Thrive Micro-School

Seattle, WA, 98126

Fostering the social/emotional development of each child while providing the scaffolding needed to enable academic proficiency. Outdoor learning and guided creative play are included to allow young minds to begin the narratives which they will use to help understand themselves, help understand the relationships they form with others, and to help navigate the world which lies before them.

Program Details

Type of Program


Program Description

Enrollment starts December 2020

Regardless of their abilities, disabilities, race, gender, socio-economic status, or the language they speak at home, every child deserves the research-based benefits provided by a high-quality early education. Every family deserves to advance their children. The responsibility of the early educator is to support each child as they grow. I believe every child’s potential is best reached through highly intentional teaching centered around both Emergent Curriculum and Early Outdoor Learning. When coupled with close family partnership, I believe this approach effectively addresses all developmental domains, particularly Language & Social-Emotional confidence. With this foundation, young children are better able to use their curious and engaged minds to maintain positive relationships, achieve academic success, and become productive members of their communities.

I believe that success in both Language and Social-Emotional skills is rooted in the extent to which a young child can fully engage with the world around them. I believe that for a child to become confident in and passionate about learning about the world around them, they must be allowed to actively discover it for themselves. I see no more direct path to this engagement than through exposure to nature and symbolic play.

“Look deep into nature, and then you will understand everything better” -Albert Einstein

Both modern science and traditional childcare philosophies agree with the idea that exposure to nature is beneficial to young children (Berk, L., 2013). Activity within nature supports early cognitive development by involving the sensory influences of texture, sound, and smell (Office of Head Start, 2017). By providing the freedom to explore, whether on their own or engaged with other children in the act of collaborative inquiry, young children are better able to develop both socially and emotionally. Likewise, the exposure to nature also involves “using observation, experimentation, and reflection to learn how the world works.” These skills have been shown to support a child’s development in early STEM learning (Berk, L., 2013).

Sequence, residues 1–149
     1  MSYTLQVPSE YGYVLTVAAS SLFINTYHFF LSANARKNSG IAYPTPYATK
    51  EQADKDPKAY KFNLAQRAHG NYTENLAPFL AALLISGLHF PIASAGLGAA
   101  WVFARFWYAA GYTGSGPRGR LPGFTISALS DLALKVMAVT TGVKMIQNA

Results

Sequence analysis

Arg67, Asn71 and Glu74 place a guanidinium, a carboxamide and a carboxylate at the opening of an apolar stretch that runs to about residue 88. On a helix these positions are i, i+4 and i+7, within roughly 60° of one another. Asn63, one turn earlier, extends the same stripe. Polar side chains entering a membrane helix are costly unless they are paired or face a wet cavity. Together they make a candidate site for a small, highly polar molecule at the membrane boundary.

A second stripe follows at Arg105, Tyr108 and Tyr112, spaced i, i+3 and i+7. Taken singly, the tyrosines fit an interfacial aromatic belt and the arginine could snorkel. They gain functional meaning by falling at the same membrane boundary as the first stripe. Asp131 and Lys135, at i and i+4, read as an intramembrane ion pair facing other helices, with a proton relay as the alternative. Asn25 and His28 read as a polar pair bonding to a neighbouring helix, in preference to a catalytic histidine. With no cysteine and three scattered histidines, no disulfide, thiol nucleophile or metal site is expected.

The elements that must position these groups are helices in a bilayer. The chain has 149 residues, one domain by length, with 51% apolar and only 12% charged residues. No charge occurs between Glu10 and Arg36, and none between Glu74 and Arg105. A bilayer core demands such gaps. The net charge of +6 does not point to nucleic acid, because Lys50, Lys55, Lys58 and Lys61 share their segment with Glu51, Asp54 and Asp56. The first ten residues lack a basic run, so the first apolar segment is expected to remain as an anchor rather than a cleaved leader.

“Play is the beginning of Knowledge” -George Dorsey

Engaging young children in symbolic play has been shown to be effective in building language and literacy skills (Sachs, J.,1987). Because I know a child’s language skills in preschool are a predictor of their future language skills (Sachs, J.,1987), and that guided play has been proven to effectively develop both a child’s vocabulary and overall narrative skills (Sachs, J.,1987), I believe that engaging children regularly in imaginative play should be an integral part of any preschool curriculum.

I believe in intentional teaching. Be it in the surroundings of nature, or the more traditional setting of the classroom, I believe in being constantly receptive to young children during the execution of my curriculum. In doing so, I may actively turn any curiosity into a learning experience. This requires the knowledge and application of methods which I glean from modern advances in neuroscience and psychology. It requires reflection on the great minds behind the different educational philosophies of the past. Indeed, the social learning theory of Vygotsky, and the ideas which Piaget had regarding child development still lie at the heart of effective early learning. Being an intentional teacher also requires me to keep a watchful eye on the rapidly changing technological future which awaits my students. I must be able to explain the purpose and utility of the tools they will use to be productive members of their community and society.


-In addition to guidance with the remote work assigned by Seattle Public Schools (Kindergarten and older), the children will practice peer-based discussion of the coursework.-Daily outdoor discovery adventures-Thematic readings, art, creative projects-Time reserved for free play so that the children may learn from one another in a safe and supportive environment.

Taught by Phineas Fennell

Background Check Confirmed

I am a graduate of UW’s Early Childhood and Family Studies Program. I have also been fortunate enough to work with preschoolers and their families for the better part of the last three years. Originally from New Mexico, my wife and I have called West Seattle home for the last fourteen years. I am the father of two fantastic boys, ages 4 & 5.

While it is my intention to follow the educational guidelines set by the Seattle Public Schools during this pandemic, and knowing that the ages of the children in my care may vary, I think it may be useful to share my teaching philosophy as it stands with Pre-K students. I believe the fundamentals are applicable to all school-age groups.

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